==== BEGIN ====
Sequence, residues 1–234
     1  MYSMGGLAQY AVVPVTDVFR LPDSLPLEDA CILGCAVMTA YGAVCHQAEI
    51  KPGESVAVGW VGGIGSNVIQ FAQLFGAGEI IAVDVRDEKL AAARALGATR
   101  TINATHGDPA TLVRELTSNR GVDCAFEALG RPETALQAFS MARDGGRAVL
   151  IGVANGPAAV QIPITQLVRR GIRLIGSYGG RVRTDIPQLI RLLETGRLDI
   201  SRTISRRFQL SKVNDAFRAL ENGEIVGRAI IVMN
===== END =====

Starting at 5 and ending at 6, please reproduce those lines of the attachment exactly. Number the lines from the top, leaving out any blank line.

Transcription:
   151  IGVANGPAAV QIPITQLVRR GIRLIGSYGG RVRTDIPQLI RLLETGRLDI
   201  SRTISRRFQL SKVNDAFRAL ENGEIVGRAI IVMN